Do you remember the Invisible Woman, the character from the classic series Fast Show? Whenever she piped up in a meeting she seemed to be unheard, but her ideas were appropriated by her (usually male) colleagues. I loved this, but it made me squirm because it felt like every meeting I’d ever been in. If you’re slightly introverted, or just scrupulously polite, where does this behaviour leave you in the modern workplace, and, most especially, in the dreaded networking event?
I was brooding on this question as I walked into the Charity Meet Up “innovation” event in February – one of Dawn Newton’s regular structured networking events for charity professionals. Dawn has developed her own style of networking meet-ups after noticing that there were plenty of events but none which helped participants to network in a purposeful way through facilitated activities.
They key word here is ‘facilitated’. Although Dawn herself is a self-confessed extrovert she’s sayvy enough to knows not everyone else is so blessed.
She knows that most of us need a little help in this department. Her events have quirkily fun format – expert talks, chatting and ice breakers. (No, not the cringe-worthy ‘hey, tell us something we don’t know about you’ – when you go first and discover that unusual sexual predilections are not considered ‘appropriate’, who knew?) Instead she employs the kind of games you played as kid. We were assigned to a group from the phonetic alphabet – mine was Brazil – Dawn prised my fingers off the bar go and off I went to a table to meet a gaggle of other Brazilians, there we found one of those paper fortune teller games primed with a selection of ‘getting to know you’ questions.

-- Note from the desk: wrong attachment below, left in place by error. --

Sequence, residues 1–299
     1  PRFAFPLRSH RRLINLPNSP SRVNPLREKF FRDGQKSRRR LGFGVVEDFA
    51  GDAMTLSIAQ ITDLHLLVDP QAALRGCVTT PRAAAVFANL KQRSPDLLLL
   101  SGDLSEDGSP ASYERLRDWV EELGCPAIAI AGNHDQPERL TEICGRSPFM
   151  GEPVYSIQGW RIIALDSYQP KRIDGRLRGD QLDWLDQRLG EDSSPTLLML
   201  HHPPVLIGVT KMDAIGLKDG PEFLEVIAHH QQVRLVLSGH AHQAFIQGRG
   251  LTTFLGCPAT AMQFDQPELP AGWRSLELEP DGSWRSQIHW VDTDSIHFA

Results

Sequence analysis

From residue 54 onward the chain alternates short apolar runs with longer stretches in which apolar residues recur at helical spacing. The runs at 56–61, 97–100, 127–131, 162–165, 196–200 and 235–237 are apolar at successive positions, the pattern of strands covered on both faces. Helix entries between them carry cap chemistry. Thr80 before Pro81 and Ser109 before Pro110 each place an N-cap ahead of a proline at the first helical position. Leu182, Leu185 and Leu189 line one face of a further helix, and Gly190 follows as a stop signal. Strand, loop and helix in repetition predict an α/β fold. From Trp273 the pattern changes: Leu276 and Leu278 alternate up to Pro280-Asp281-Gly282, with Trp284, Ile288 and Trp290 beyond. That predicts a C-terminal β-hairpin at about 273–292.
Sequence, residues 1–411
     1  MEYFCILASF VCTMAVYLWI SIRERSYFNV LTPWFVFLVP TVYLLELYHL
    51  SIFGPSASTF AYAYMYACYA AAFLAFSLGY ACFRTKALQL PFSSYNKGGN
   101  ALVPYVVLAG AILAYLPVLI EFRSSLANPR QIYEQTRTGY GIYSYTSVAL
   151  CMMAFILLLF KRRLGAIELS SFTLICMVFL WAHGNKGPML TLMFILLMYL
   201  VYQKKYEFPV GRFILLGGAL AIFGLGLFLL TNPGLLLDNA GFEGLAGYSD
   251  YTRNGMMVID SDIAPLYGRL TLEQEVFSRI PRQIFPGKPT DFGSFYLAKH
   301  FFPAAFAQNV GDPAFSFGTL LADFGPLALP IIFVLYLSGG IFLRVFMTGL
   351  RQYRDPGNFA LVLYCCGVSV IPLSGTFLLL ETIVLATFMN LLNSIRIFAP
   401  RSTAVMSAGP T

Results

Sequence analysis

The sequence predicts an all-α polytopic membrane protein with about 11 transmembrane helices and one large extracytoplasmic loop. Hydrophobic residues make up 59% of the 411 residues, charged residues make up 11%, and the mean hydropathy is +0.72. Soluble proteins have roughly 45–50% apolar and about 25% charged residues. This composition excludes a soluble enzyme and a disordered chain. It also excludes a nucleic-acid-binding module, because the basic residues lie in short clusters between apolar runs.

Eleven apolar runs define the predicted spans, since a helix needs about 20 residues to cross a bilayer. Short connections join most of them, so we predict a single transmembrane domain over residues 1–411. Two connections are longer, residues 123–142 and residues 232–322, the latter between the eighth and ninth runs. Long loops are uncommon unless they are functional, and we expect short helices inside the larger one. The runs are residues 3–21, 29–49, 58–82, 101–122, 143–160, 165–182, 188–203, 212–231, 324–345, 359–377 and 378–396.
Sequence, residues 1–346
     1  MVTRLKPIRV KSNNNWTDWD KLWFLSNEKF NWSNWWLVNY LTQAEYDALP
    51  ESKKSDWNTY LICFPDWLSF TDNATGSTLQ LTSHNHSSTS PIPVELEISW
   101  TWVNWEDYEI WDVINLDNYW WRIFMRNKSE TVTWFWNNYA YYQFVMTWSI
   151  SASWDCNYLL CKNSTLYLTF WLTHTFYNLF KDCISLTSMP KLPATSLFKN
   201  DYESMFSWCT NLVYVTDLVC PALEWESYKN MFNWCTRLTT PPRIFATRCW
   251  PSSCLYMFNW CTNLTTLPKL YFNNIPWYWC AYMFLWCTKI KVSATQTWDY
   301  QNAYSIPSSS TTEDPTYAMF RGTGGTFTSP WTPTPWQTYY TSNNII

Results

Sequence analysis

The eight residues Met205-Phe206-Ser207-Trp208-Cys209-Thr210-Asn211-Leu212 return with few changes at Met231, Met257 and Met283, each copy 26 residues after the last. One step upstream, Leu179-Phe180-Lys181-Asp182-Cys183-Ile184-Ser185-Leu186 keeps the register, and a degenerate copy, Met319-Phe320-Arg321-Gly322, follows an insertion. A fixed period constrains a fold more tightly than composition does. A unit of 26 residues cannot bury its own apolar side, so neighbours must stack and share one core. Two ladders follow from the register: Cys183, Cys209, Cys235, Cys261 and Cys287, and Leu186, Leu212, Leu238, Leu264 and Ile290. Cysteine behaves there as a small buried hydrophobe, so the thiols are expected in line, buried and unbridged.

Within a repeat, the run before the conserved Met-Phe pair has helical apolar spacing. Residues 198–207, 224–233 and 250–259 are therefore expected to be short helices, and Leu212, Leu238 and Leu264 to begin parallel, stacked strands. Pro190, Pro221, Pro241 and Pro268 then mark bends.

This is quietly brilliant – it takes the onus off you to come up with unpredictable questions, and, more importantly, gives you an excuse to avoid those conversations which consist of an elevator pitch. In other words it lets you meet a person as a person, rather than a potential clients or supplier.
The event I attended had the theme of ‘Innovation’ and two expert speakers. Firstly Jamie Parkins from JustGiving, who gave us top tips on transforming your office culture to one that encourages innovation (I might give the ‘bean bag meetings’ a miss, Jamie, but all the others were fascinating) followed by Lucy Gower and her insights on innovation and how to get your colleagues to say ‘yes’ to it.
Then it was back to drinks and mingling, but armed with some new ideas to discuss.
If you’re not Tony Robbins and you don’t relish the idea of Tiggerishly bounding into a room full of strangers – this is the networking event for you.
Writer and editor – health, rights and social change